What’s the matter with common anti-trans arguments?
Unfortunately, extremist activists and politicians refuse to acknowledge this body of evidence when advocating against the rights of transgender children and youth. Instead, they are motivated by deep-seated gender prejudice. Arguments against transgender rights that rely on arguments about parental rights and children’s safety are baseless pretextual justification for discrimination. Such arguments rely on the same canards that characterized prejudiced campaigns against the legalization of same-gender marriage in the 1990s and early 2000s. These arguments claim, without any evidence, that transgender people recruit and groom vulnerable children for sexual exploitation merely by being transgender in public — the very same prejudiced argument made about gay, lesbian, and bisexual people. The illogical conclusion that transgender people are innately predatory is all the more confounding and tragic when juxtaposed with the disproportionately high rates of sexual violence targeting transgender people compared to the general population.
Politicians who prioritize their extremist ideology above children’s well-being are leading directly to children’s untimely deaths by suicide. If these children do continue to live, they often live unfulfilling lives after being stripped of their rights, autonomy, and human dignity.
What can we do to protect trans youth?
There is a better way forward. Minnesota lawmakers, for instance, have chosen to defend the rights of trans children and youth. Governor Tim Walz signed an executive order in March 2023 protecting the rights of transgender people to receive gender-affirming healthcare.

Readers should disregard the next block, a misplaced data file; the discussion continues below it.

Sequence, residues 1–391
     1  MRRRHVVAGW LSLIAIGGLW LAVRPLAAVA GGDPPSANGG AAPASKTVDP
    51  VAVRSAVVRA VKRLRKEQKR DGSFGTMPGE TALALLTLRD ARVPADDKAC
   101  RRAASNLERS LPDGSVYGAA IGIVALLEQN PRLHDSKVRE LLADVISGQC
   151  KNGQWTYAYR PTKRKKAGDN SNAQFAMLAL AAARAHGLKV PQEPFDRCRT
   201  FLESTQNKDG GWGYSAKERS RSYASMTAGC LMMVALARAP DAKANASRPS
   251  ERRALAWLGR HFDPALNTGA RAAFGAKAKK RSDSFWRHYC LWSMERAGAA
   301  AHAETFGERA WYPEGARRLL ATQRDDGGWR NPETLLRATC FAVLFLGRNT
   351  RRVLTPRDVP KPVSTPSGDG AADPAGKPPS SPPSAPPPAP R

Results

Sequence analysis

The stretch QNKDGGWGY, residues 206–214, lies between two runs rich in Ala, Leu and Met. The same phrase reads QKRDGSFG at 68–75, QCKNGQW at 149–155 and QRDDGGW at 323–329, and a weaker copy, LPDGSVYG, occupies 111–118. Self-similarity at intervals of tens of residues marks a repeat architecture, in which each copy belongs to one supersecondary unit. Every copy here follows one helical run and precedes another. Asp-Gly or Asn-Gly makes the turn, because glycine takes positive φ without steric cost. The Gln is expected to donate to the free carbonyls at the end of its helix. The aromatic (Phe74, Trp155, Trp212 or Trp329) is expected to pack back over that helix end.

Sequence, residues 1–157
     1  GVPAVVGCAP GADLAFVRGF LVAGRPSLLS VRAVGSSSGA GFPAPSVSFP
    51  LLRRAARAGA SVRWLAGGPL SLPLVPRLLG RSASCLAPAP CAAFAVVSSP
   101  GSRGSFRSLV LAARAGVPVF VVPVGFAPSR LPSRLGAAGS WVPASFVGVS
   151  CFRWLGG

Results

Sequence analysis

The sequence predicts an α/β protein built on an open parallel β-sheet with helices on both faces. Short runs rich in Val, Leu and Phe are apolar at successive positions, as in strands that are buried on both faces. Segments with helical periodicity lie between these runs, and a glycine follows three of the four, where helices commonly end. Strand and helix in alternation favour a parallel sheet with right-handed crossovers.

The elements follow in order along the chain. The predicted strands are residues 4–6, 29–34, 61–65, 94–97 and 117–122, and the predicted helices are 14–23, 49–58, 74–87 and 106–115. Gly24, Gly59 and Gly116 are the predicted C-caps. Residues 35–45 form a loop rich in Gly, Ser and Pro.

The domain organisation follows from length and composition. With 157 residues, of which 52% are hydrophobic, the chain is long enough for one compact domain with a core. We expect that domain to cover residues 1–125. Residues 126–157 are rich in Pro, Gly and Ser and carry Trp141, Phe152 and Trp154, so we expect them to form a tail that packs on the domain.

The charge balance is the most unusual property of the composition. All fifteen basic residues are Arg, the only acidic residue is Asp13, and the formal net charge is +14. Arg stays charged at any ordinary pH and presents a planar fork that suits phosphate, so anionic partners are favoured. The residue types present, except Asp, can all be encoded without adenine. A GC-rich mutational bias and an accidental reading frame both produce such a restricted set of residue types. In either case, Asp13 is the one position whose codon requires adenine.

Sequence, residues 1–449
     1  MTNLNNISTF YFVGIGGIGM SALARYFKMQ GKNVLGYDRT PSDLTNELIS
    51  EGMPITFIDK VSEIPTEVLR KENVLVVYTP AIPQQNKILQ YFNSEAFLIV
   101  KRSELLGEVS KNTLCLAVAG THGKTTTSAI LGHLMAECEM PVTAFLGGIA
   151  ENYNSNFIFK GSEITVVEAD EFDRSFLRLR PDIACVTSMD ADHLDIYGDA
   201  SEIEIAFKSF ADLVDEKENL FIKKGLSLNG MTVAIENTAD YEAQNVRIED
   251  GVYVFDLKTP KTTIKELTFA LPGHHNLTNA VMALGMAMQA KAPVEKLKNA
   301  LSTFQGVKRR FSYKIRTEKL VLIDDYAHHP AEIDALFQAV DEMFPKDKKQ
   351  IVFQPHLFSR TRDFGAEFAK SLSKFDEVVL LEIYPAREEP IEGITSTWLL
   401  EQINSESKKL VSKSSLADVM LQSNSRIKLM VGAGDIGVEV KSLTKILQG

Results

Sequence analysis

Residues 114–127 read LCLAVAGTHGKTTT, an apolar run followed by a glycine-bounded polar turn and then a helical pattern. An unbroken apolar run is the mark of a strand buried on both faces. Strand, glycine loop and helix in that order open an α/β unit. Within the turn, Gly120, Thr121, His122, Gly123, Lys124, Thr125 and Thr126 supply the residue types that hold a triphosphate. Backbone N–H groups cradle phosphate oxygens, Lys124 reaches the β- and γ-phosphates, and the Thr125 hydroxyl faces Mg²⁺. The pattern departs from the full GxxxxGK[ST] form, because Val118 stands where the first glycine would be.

Protecting the rights of transgender children and youth, especially those with disabilities, isn’t about being “woke.” It’s about the principles on which this country was founded: life, liberty, and the pursuit of happiness. By denying trans people gender-affirming care or self-determination, you are curtailing their freedom of expression, reducing their quality of life, and, in too many cases, leading directly to their deaths. This is the kind of authoritarianism that typifies dictatorships and fascist policy.
We encourage you to resist these reactionary forces and support transgender people throughout the lifespan with science-backed policy that respects bodily autonomy, human dignity, and civil rights. Support for disability rights requires supporting the right to bodily autonomy, self-determination, and respectful health care for all transgender and intersex people as well.